Fraud and corrupt conduct prevention

The Queensland Ombudsman is committed to a zero tolerance of fraud and corrupt conduct in the workplace.  This policy applies to all permanent, temporary and casual employees, contractors, consultants and suppliers to the Office.

Staff, consultants and suppliers are encouraged to report suspected fraud or corrupt conduct to the Deputy Ombudsman or the Director, Corporate Services Unit (who is the Office’s Fraud and Corruption Control Officer); or alternatively, contact the Crime and Corruption Commission.

Reports of fraud and corrupt conduct may also be Public Interest Disclosures.  The Office’s Public Interest Disclosure procedure is available here.

Policy Title: Fraud and corrupt conduct prevention
Records file no.: 
FMPM document no.: 2.1
Date of implementation: 31 January 2018
Date to be reviewed: 31 January 2021

Authority:

Crime and Corruption Act 2001
Criminal Code Act 1899
Integrity Act 2009
Financial Accountability Act 2009
Public Interest Disclosure Act 2010
Public Sector Ethics Act 1994
Public Service Act 2008
Right to Information Act 2009

Financial and Performance Management Standard 2009

Policy statement:

It is the Office of the Queensland Ombudsman’s (the Office) policy to prevent and control fraud and corrupt conduct against or within the Office, thereby contributing to the maintenance of the Office’s integrity and reputation.

The Queensland Ombudsman and the Ombudsman Management Group (OMG) are committed to a zero tolerance of fraud and corrupt conduct in the workplace. The strategies and activities outlined in the Fraud Prevention Plan, the Risk Management Plan and Internal Control Program are designed to effectively deter, investigate and control fraud and corrupt conduct.

This policy applies to all permanent, temporary and casual employees, contractors, consultants and suppliers to the Office.

Principles:

The Financial Accountability Act 2009 s.61 places a requirement on the Office to establish and maintain appropriate systems of internal control and risk management. The Office has adopted the requirements of the Fraud and Corruption Control: Guidelines for Best Practice, Crime and Misconduct Commission, 2005 and relevant features of the revised Australian Standard Fraud and Corruption Control AS 8001-2008.

The term ‘fraud and corrupt conduct’ covers both the prospect of loss or improper gain or benefit, both financial and non-financial. Fraud and corrupt conduct can harm the Office’s credibility, the public’s confidence in the service the Office provides, and its relationships with internal and external stakeholders.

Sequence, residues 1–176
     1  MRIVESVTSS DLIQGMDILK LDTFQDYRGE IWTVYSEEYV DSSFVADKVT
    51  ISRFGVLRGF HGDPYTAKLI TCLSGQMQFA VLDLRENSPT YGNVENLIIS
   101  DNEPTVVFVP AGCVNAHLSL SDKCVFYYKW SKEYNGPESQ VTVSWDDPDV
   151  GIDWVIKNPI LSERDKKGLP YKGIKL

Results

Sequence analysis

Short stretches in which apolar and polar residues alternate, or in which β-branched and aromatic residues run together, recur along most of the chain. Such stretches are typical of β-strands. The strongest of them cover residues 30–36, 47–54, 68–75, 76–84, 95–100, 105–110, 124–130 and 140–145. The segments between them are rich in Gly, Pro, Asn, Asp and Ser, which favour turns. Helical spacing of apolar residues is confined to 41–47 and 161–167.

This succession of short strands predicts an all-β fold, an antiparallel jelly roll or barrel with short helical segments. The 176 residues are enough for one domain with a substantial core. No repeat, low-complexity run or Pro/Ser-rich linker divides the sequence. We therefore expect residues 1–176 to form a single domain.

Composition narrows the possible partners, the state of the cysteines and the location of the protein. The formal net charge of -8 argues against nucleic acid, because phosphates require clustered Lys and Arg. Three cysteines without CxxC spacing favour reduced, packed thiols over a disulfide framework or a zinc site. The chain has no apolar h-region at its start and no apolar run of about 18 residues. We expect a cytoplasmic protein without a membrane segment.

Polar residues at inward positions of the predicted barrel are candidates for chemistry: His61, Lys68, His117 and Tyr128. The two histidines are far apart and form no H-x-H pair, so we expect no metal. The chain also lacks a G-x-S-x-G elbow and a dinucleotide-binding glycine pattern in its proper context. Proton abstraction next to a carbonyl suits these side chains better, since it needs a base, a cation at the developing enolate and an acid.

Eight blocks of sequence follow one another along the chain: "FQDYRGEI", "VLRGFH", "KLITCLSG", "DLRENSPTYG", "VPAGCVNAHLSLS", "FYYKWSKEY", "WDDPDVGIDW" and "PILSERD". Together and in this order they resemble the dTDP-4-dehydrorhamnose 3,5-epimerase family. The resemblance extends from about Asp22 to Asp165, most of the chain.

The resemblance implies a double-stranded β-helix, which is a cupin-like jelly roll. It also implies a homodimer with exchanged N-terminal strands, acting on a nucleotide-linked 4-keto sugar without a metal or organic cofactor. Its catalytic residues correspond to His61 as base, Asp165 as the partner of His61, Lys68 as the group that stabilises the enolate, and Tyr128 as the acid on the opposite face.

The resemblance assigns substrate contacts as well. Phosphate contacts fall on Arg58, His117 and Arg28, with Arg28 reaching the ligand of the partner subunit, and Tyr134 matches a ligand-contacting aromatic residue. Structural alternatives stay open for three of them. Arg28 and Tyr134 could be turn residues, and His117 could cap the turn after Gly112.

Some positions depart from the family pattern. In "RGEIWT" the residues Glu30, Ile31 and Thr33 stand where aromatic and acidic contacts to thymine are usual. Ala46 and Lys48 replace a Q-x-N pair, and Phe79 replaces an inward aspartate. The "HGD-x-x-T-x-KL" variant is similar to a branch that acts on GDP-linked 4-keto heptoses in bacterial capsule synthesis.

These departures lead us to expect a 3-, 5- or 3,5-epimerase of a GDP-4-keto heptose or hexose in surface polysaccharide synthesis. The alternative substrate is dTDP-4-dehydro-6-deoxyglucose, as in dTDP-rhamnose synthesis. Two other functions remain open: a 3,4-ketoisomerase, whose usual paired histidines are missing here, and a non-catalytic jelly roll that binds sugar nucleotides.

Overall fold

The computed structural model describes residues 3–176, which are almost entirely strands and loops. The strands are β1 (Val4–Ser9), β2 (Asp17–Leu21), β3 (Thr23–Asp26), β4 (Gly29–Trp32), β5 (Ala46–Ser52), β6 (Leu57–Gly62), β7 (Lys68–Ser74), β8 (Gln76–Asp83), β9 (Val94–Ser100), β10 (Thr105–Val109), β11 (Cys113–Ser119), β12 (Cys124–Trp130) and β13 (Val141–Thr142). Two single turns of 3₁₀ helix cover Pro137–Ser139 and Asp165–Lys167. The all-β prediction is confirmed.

Fraud is defined as dishonest activity causing actual or potential loss to any person or entity including theft of moneys or other property by employees or persons external to the entity and where deception is used at the time, immediately before or immediately following the activity. This also includes the deliberate falsification, concealment, destruction or use of falsified documentation used or intended for use for a normal purpose or the improper use of information or position for personal benefit.

(Adapted from the Australian Standard AS 8801-2008, Fraud and Corruption Control)


Corrupt conduct means conduct of a person, regardless of whether the person holds or held an appointment, that -
(a) adversely affects, or could adversely affect, directly or indirectly, the performance of functions or the exercise of powers of -

(i) a unit of public administration; or
(ii) a person holding an appointment; and

(b) results, or could result, directly or indirectly, in the performance of functions or the exercise of powers mentioned in paragraph (a) in a way that -

(i) is not honest or is not impartial; or
(ii) involves a breach of the trust placed in a person holding an appointment, either knowingly or
recklessly; or
(iii) involves a misuse of information or material acquired in or in connection with the performance of functions or the exercise of powers of a person holding an appointment; and

(c) is engaged in for the purpose of providing a benefit to the person or another person or causing a detriment to another person; and